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Transatlantic flights affected by storm on US east coast

The airline said that people due to depart Boston or New York today or tomorrow can rebook their flights on certain dates at no extra charge.

This image made available by NOAA shows storm systems over the eastern half of the United States on Thursday
This image made available by NOAA shows storm systems over the eastern half of the United States on Thursday
Image: AP Photo/NOAA

TRANSATLANTIC FLIGHTS WILL be disrupted for the next two days due to severe weather conditions in the USA.

Aer Lingus said today that a storm moving up the east coast of the USA, plus blizzard warnings for Boston and New York, will impact on flights today and tomorrow.

The airline said that it will “closely monitor” the track of the storm and keep customers updated online.

Domestic flight schedules and ground transportation will also be affected, said Aer Lingus, so it recommends customers contact their local connecting carrier and check local news for updates.

Travellers that have reservations to depart Boston or New York today or tomorrow can rebook their travel from between Sunday 10 February – Wednesday 13 February at no additional charge, said Aer Lingus.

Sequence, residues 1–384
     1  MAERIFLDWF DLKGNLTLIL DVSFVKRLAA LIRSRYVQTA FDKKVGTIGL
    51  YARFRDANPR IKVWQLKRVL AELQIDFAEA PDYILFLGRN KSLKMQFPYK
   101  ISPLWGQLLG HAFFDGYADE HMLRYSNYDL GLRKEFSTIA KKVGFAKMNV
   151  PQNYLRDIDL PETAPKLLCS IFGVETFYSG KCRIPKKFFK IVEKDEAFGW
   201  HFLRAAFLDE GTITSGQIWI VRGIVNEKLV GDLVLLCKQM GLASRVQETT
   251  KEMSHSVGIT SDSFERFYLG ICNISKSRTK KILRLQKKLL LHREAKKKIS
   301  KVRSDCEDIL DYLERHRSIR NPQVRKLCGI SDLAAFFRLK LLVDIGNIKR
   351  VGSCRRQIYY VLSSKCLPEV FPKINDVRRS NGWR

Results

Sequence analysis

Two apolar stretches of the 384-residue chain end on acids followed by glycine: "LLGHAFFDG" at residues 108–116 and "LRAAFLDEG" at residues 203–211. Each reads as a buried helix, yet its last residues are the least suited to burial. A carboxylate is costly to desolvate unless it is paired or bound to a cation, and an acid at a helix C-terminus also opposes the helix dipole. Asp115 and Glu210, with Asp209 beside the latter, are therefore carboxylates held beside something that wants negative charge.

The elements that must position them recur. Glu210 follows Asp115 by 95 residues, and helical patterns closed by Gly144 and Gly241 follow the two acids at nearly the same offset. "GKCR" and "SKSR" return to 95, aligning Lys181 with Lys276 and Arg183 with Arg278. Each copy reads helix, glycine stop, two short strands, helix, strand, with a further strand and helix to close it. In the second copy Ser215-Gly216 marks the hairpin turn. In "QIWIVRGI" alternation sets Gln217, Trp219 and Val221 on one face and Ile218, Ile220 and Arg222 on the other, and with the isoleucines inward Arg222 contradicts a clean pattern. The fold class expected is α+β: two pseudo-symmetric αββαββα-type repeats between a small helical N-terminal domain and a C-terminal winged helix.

Storm

The storm is expected to dump up to two feet of snow from New York City to Boston and beyond from today, and could be record-breaking.

Before the first snowflake had fallen, Boston, Providence, Rhode Island, Hartford, Connecticut, and other New England cities cancelled school today, and airlines scratched more than 2,600 flights through Saturday, with the disruptions from the blizzard certain to ripple across the US.

Alan Dunham, meteorologist for the National Weather Service in Taunton, Massachusetts, said:

This one doesn’t come along every day. This is going to be a dangerous winter storm. Wherever you need to get to, get there by Friday afternoon and don’t plan on leaving.

Wind gusts could reach 75 mph. Widespread power failures were feared, along with flooding in coastal areas still recovering from Superstorm Sandy in October.

Boston could get more than two feet of snow, while New York City was expecting 10 to 12 inches. Mayor Michael Bloomberg said plows and 250,000 tons of salt were being put on standby. To the south, Philadelphia was looking at a possible 4 to 6 inches.

Read: Aer Lingus profits increase by 40.7 per cent in 2012>

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